Our View: Speaker John Boehner proved he had the chops to wage and win a public relations war with Obama, but the actual cuts the Republicans won were minuscule compared to the nation's hulking debt. The true test will be whether the GOP can use their new found political acumen to win three vastly more important budget fights in 2011.
Conservatives seem divided over the success of Speaker John Boehner and Congressional Republicans in their bout of budget brinkmanship with Barack Obama.
The Drudge Report screamed banner headlines over the weekend with the Charlie Sheen inspired monogram "Winning" under a picture of Boehner.
Politico also gave the win to Boehner, saying:
"Boehner may have been outnumbered by Democrats at the table 2-to-1, but by the way the final deal shaped up, you wouldn't know it."
Other respected voices took a different view.
Among them: Dick Morris and the conservative online holy grail Red State. Both argue that $38.5 billion in cuts ($61 on an annual basis) to an underlying $3.7 trillion budget that, even with the cuts, still piles a trillion beans onto the national debt is hardly something to cheer.
Having failed to stand firm for just $61 billion in cuts in a budget of $3.7 trillion, how can we expect him to stand firm over the debt limit extension or the 2012 budget? We can’t. The excellent budget proposals of Paul Ryan are no more than a pipe dream now. Boehner has sold us out now and he’ll sell us out again.
Here's Red State, sounding the same theme:
For perspective, the federal government spends $10.46 billion a day. The Democrats and Republicans have now come together to cut out just under 4 days worth of spending out of 365 days.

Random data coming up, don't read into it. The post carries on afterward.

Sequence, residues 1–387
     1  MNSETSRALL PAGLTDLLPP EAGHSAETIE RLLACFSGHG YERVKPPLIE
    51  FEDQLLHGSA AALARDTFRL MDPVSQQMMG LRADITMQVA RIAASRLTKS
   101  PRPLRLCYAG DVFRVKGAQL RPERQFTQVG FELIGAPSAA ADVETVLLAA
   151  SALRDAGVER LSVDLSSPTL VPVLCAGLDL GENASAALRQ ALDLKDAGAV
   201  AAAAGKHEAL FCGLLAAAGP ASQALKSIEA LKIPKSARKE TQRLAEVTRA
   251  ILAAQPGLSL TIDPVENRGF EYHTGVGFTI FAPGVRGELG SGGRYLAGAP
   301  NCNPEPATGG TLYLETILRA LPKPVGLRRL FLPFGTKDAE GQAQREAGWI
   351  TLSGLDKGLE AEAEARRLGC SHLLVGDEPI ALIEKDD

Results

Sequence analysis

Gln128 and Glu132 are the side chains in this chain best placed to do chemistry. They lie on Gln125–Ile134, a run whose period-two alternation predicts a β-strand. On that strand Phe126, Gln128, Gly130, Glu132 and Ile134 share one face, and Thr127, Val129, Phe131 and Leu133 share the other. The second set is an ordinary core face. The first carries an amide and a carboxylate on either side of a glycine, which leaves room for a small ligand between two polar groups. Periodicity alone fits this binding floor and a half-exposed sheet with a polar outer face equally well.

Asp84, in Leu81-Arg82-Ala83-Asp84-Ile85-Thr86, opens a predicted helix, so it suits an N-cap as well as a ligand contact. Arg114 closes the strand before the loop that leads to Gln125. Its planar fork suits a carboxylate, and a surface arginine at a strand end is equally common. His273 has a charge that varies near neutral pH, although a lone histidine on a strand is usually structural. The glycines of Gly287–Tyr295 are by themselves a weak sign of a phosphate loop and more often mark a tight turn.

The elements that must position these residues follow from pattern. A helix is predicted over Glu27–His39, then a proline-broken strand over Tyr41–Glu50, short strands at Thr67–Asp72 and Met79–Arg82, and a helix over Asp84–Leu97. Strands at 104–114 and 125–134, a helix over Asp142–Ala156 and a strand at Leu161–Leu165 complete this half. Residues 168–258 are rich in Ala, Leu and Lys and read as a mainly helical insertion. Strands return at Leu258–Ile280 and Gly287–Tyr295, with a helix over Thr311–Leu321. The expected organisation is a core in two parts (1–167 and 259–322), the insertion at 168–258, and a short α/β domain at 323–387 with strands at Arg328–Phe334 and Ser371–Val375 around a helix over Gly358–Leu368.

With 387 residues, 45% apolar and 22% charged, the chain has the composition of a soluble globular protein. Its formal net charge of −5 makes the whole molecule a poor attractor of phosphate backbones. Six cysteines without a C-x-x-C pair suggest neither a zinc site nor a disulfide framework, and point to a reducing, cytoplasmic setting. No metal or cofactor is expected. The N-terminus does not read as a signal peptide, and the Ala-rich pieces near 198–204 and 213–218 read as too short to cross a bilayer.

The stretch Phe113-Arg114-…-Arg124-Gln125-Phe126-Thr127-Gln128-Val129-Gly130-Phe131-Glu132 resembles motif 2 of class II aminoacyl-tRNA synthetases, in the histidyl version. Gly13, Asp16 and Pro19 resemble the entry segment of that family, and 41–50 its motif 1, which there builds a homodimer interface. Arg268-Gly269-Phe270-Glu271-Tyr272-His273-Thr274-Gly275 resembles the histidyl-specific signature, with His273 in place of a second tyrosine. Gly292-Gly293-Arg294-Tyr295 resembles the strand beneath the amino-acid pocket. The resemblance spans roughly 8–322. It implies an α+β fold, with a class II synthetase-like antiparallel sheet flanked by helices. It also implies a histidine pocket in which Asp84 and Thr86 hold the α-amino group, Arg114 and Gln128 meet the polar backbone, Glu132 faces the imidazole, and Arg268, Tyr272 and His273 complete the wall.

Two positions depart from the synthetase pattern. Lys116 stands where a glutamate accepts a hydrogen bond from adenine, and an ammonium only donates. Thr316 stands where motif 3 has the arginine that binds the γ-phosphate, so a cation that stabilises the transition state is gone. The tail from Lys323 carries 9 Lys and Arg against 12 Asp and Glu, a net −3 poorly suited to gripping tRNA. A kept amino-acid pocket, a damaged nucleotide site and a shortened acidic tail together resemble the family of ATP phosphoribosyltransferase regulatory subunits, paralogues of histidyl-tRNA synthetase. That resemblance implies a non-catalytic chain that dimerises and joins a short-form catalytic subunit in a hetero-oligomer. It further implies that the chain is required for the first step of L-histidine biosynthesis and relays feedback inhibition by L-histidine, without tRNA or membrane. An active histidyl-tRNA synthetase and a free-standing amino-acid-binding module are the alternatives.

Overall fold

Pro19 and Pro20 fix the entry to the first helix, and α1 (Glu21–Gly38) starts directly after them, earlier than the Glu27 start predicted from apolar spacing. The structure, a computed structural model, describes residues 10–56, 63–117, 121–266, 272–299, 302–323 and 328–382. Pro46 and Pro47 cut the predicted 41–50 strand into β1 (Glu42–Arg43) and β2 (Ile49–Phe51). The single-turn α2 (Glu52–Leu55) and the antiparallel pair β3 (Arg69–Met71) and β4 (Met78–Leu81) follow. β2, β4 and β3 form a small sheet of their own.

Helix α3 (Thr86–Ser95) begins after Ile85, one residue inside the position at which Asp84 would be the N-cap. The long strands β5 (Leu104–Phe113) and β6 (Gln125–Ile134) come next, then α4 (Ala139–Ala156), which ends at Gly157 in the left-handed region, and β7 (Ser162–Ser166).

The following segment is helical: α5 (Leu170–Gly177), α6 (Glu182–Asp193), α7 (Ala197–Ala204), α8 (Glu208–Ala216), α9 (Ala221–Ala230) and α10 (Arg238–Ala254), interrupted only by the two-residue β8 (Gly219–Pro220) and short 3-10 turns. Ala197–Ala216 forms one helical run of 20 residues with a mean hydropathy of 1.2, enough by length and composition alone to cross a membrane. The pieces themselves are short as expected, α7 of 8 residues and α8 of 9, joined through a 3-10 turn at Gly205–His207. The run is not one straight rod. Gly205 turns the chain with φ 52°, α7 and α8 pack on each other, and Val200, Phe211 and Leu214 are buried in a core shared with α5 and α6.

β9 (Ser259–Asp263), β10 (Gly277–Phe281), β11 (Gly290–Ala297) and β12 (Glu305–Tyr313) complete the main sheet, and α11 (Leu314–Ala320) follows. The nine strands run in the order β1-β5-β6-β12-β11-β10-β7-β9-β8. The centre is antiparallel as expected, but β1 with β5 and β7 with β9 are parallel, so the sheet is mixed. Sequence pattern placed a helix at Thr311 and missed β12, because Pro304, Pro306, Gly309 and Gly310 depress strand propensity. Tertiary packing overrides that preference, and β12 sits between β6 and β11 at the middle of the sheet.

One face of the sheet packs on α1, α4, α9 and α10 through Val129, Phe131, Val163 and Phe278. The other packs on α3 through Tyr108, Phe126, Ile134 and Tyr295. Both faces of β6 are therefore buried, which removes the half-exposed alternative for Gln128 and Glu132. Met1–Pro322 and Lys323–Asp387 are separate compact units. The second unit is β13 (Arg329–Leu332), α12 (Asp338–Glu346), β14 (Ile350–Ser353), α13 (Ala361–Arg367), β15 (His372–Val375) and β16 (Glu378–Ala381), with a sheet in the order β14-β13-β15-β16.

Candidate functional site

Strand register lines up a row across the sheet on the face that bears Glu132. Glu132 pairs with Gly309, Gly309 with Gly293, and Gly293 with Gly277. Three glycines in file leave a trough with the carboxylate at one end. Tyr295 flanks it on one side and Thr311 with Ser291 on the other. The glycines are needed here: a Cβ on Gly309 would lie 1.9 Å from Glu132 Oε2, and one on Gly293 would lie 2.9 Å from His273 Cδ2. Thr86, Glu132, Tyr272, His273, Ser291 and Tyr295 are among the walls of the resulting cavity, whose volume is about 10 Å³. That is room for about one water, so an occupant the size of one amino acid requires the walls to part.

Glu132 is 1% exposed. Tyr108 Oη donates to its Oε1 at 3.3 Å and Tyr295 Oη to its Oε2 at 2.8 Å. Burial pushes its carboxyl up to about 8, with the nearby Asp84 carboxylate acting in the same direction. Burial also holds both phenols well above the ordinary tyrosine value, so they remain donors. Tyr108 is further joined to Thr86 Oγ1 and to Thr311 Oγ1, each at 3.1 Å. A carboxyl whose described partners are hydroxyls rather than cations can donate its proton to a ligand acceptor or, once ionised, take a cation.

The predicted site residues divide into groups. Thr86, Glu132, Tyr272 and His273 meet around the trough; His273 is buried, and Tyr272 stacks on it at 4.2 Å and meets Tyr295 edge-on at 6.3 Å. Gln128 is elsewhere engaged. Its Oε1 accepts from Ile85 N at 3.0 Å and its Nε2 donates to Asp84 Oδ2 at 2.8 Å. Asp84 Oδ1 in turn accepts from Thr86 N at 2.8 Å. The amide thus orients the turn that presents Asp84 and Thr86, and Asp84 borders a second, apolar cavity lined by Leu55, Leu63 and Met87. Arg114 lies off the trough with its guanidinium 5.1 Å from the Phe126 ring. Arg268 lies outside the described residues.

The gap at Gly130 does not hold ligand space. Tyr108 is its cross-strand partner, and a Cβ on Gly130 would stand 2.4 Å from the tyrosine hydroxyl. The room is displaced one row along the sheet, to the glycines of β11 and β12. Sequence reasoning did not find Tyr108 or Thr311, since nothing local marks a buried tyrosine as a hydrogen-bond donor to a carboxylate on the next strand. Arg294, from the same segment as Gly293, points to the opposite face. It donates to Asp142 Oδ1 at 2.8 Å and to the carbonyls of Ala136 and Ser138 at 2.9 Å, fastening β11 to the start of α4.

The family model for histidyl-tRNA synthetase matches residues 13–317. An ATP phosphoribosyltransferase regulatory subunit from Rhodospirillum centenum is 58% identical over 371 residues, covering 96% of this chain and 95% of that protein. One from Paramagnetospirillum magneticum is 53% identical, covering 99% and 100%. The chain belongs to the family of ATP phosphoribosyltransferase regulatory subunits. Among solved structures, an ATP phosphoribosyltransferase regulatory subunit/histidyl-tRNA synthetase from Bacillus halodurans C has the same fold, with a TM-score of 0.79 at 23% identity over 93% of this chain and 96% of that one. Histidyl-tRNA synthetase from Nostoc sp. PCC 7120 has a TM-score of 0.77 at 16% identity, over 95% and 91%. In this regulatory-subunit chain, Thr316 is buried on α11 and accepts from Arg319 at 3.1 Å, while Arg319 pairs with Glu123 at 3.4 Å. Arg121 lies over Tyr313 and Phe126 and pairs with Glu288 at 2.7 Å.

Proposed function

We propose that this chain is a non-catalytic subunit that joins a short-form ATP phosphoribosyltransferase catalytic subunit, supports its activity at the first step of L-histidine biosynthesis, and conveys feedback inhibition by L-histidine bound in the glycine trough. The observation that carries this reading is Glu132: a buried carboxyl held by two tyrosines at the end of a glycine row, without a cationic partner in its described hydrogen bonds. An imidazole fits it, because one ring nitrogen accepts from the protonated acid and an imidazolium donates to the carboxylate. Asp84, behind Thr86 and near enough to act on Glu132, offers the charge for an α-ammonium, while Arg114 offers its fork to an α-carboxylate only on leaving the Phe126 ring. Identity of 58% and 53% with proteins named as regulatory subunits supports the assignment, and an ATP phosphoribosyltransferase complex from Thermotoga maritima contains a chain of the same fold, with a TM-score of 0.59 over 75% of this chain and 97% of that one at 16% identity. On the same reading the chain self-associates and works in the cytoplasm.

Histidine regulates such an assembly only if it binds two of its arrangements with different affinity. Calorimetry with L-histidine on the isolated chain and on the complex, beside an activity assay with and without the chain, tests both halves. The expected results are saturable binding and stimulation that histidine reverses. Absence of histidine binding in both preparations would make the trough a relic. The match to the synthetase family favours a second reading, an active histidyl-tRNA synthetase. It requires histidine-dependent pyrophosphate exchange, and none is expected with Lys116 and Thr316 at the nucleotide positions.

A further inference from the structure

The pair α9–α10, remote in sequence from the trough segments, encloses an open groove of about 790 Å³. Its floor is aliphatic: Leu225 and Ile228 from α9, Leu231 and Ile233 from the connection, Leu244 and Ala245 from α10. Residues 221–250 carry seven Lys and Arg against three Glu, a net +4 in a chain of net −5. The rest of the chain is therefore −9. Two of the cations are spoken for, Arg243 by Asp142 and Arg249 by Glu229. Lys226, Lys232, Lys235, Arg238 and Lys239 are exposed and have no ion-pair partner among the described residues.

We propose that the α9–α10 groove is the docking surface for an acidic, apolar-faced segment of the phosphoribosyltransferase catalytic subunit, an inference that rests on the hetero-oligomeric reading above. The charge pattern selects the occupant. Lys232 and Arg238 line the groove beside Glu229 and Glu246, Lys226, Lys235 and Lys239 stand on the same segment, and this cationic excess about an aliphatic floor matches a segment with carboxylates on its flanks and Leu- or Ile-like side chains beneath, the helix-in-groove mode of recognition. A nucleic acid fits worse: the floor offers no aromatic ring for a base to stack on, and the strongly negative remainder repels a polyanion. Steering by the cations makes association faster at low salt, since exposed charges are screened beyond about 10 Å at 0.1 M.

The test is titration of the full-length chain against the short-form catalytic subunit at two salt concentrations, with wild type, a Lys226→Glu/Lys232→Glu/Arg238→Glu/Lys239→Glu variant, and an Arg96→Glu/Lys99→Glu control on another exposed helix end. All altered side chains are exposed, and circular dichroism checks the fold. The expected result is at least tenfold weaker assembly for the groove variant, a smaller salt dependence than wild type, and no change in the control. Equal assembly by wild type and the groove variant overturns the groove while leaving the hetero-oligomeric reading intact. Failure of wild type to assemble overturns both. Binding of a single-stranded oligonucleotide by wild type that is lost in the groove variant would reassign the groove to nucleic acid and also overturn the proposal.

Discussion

Our view: There's truth in both views, and the whole exercise was the political equivalent of a split decision. Speaker John Boehner proved he had the chops to wage and win a public relations war with Obama, and he did run up a heckuva' lot more in spending cuts than Obama and Reid would have ever imagined conceding mere months ago. Still, framed against national debt that is about $14 trillion, the actual cuts the Republicans won were minuscule compared to the hulking debt.
In other words, the GOP won the political scrape but they don't have nearly enough to show for it.
But there is good news in all this for conservatives: the House GOP will have three more opportunities to extract more substantial government reductions in three budget showdowns.
The first chance, the impending showdown over the raising the debt ceiling. As the NY Times reports this morning:
Congressional Republicans are vowing that before they will agree to raise the current $14.25 trillion federal debt ceiling — a step that will become necessary in as little as five weeks — President Obama and Senate Democrats will have to agree to far deeper spending cuts for next year and beyond than those contained in the six-month budget deal agreed to late Friday night that cut $38 billion and averted a government shutdown.
The second chance, will be the all-important entitlement reform debate triggered by budget guru Paul Ryan earlier this week. As we reported last week, this fight is the big one…it represents Republicans best shot at winning big cuts to a big deficit.
The third opportunity will be when the GOP, Harry Reid and Barack Obama go through the appropriations process for next years' spending bills — a repeat of the process that was just completed this weekend, only for next year.
The true test will be whether the GOP can use its new found political acumen to win three vastly more important budget fights in 2011.
The GOP will have an opportunity to prove their credibility on cuts this Wednesday when Barack Obama releases his plan on long term debt. If his debt analysis is even remotely similar to debt projections the White House trumpeted over Obamacare you can be sure they’ll be plenty of budgetary gimmicks and little in the way of actual cuts. Keep an eye out to see if the Republicans hold his feet to the fire and force fiscal reality into discussions.
All other spending debates pale in comparison to the one over long term debt. If we don’t get that right, nothing else matters.